Cray will be furnishing Microsoft’s cloud with supercomputing systems, allowing Azure customers to accelerate their high-performance computing (HPC) workloads, the two companies announced on Oct. 23.
“Microsoft and Cray are working together to bring customers the right combination of extreme performance, scalability, and elasticity,” commented Jason Zander, corporate vice president of Microsoft Azure Team, in a blog post announcing the alliance. “Customers can get a dedicated Cray XC or CS series supercomputer in Azure to run HPC and AI applications alongside their other cloud workloads directly on the Azure network.”
Zander added that the systems will seamlessly slip into the existing Azure cloud service portfolio. Cray’s technology integrates with Azure Virtual Machines on the computing front and Data Lake for storage. In terms of artificial intelligence (AI) workloads, the systems will also support Microsoft’s AI platform and Azure Machine Learning, Zander assured.
According to Peter Ungaro, president and CEO of Cray, the arrival of his company’s high-end systems on Microsoft’s cloud makes supercomputing attainable to more enterprises.
“Our partnership with Microsoft will introduce Cray supercomputers to a whole new class of customers that need the most advanced computing resources to expand their problem-solving capabilities, but want this new capability available to them in the cloud,” said the executive in prepared remarks.
“Dedicated Cray supercomputers in Azure not only give customers all of the breadth of features and services from the leader in enterprise cloud, but also the advantages of running a wide array of workloads on a true supercomputer, Ungaro said in his statement.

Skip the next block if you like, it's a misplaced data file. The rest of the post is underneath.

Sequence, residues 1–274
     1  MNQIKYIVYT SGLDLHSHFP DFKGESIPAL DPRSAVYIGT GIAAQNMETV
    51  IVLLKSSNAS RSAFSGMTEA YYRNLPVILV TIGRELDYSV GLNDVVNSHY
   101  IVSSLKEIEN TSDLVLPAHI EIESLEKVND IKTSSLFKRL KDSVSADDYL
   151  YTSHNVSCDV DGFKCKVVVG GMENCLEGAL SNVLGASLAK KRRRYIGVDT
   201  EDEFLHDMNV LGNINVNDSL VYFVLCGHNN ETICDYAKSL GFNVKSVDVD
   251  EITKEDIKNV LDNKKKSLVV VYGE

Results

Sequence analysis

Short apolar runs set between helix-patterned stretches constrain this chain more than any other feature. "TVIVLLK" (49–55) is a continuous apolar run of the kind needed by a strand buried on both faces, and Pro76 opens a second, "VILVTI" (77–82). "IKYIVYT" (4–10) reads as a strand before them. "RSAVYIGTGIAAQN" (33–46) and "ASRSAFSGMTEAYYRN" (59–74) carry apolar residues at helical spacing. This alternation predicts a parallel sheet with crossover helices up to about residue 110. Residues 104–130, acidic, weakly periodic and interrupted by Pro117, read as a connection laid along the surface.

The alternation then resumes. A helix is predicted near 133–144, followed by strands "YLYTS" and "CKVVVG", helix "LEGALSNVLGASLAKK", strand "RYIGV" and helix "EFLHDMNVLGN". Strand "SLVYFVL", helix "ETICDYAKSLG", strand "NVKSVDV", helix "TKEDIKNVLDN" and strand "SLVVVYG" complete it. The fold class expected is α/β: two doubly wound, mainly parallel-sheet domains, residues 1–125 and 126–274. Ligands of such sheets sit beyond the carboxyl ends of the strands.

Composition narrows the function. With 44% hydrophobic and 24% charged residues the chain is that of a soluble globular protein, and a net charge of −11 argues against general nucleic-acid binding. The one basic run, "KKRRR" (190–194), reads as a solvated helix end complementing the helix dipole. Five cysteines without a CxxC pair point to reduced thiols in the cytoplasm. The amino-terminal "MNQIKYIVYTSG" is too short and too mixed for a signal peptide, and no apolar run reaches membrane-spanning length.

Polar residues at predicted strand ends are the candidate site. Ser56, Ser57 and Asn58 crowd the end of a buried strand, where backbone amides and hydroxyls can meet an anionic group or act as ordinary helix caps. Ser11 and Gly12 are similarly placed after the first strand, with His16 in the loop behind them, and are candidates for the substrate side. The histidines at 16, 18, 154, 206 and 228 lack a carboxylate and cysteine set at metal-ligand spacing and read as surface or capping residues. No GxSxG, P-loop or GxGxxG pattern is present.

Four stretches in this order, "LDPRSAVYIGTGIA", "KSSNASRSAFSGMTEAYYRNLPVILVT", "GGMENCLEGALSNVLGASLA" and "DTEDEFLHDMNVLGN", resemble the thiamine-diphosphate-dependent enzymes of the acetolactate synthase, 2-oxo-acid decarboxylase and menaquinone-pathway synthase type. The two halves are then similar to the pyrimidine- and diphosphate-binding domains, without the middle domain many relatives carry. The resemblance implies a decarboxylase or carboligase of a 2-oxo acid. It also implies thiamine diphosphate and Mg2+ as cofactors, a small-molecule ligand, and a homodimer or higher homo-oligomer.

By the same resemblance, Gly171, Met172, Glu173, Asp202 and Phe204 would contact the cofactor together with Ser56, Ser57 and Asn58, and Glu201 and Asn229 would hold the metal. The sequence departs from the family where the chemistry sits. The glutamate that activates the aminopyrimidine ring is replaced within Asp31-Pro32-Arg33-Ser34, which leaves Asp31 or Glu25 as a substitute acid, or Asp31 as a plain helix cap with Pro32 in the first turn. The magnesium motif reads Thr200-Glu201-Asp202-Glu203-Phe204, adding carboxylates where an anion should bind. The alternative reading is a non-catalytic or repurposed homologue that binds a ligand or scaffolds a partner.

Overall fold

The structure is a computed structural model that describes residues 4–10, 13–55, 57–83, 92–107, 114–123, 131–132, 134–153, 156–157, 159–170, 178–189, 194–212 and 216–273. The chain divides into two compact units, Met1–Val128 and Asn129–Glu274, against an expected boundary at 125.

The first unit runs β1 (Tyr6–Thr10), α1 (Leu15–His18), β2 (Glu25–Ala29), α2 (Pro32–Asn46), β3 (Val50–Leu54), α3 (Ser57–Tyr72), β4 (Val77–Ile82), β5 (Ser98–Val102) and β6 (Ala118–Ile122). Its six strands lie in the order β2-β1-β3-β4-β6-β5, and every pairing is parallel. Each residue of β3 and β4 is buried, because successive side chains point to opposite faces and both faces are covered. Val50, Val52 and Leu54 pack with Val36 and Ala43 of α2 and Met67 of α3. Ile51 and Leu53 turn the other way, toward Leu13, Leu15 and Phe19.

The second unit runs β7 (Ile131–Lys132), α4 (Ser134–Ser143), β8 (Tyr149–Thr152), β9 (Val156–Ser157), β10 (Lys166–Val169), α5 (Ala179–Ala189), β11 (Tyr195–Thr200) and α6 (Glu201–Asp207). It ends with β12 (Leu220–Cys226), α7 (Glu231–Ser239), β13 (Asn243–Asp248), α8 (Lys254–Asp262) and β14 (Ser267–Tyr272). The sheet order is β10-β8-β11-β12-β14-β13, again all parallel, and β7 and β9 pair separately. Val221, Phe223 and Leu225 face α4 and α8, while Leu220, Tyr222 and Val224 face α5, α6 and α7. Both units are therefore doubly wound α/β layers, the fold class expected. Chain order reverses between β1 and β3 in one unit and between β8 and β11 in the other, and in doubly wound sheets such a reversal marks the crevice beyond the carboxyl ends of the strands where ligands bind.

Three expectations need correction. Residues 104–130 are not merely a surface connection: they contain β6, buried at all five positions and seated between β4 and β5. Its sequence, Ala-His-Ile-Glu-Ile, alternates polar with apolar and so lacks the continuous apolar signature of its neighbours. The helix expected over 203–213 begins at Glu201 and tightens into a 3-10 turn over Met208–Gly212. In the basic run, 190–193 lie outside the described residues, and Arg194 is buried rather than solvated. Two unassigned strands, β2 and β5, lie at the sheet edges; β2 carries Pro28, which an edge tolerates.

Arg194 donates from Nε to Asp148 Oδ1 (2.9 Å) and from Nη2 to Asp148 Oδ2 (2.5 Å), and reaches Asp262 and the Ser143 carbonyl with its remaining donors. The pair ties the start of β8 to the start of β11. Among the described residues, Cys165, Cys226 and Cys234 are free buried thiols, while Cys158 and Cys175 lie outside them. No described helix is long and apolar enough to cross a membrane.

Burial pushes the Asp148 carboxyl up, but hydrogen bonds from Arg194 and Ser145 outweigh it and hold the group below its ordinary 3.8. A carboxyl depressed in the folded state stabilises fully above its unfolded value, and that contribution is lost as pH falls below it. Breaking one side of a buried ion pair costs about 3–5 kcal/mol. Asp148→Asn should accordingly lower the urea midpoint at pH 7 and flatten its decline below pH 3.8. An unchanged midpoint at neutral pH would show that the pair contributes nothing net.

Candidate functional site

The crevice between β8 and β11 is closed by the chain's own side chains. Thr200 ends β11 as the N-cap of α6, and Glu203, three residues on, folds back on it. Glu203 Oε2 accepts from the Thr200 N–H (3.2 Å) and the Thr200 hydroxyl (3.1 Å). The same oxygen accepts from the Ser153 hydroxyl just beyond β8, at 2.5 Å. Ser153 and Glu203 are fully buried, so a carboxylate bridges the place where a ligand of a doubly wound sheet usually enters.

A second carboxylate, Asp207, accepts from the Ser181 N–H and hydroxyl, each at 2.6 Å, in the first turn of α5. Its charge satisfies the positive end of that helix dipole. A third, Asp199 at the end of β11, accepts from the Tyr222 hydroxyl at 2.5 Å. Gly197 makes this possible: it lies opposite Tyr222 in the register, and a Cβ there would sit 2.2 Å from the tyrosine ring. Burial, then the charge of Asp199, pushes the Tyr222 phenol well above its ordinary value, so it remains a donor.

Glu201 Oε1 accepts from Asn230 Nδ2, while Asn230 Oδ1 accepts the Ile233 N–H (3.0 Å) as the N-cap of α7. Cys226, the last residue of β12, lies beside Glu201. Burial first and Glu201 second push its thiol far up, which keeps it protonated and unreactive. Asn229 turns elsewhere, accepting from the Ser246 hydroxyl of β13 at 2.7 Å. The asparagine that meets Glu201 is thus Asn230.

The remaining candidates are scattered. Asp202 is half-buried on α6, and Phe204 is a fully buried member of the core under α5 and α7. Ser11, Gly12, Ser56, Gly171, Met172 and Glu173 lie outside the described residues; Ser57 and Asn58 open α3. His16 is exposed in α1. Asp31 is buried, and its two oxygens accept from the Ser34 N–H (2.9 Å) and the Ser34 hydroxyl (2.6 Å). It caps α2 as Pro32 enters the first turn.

The Cray-powered Azure supercomputing-as-a-service offerings will be hosted in select Azure data centers. Resource provisioning on Cray XC and CS, along with the accompanying Cray ClusterStor storage systems, will be done on a per-customer basis, according to the companies.
It’s not the first time Cray has partnered with a cloud provider.
In May, the supercomputer maker announced a partnership with Markley, a Boston-based cloud company. Focusing first on life sciences, the first joint service includes big data analytics services based on Cray’s Urika-GX appliances.
For Microsoft, the move is the latest in its efforts to bulk up its cloud-based HPC ecosystem and lure businesses, scientific research labs and other organizations with resource-intensive workloads to Azure.
In 2015, Microsoft snapped up New Zealand-based cloud HPC specialist GreenButton for an undisclosed amount. GreenButton’s on-demand service, called Cloud Fabric, allowed customers to tap a practically unlimited amount of cloud processing power for their big data and HPC workloads.
In August, Microsoft announced it had acquired HPC software maker Cycle Computing while keeping a lid on the financial details of the transaction. Cycle Computing’s claim to fame, besides being a charter member of the Cloud Native Computing Foundation, is orchestration software that enables so-called Big Compute in the cloud to process workloads that would otherwise require expensive on-premise server clusters or a dedicated supercomputer.